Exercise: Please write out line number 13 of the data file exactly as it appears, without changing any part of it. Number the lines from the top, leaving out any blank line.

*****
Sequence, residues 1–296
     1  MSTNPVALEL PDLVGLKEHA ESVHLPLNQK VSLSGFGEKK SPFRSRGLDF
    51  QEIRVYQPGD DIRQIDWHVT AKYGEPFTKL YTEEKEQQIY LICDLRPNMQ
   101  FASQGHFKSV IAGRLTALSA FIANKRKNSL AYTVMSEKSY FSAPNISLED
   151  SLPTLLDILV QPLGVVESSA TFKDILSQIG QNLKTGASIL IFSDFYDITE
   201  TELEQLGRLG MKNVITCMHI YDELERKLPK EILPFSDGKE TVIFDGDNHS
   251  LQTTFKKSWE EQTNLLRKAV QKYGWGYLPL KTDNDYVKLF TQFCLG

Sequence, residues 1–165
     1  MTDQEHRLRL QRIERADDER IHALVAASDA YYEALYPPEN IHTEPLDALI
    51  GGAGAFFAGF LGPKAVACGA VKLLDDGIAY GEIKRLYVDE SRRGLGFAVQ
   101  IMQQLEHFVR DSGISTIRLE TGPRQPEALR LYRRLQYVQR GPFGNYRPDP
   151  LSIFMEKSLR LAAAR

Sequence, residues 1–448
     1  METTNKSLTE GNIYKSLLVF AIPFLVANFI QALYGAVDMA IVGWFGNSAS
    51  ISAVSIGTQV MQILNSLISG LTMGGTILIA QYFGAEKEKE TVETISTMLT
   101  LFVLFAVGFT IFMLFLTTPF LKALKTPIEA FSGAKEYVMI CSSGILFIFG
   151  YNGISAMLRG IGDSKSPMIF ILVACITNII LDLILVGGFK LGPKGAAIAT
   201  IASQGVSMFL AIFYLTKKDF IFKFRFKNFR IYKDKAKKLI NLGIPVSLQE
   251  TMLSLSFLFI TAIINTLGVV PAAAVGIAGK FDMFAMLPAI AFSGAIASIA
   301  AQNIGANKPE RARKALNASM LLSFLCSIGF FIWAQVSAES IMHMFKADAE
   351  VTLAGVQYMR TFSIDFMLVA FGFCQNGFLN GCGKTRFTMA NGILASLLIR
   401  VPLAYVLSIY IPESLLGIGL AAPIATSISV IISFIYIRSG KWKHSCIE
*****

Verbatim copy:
Sequence, residues 1–448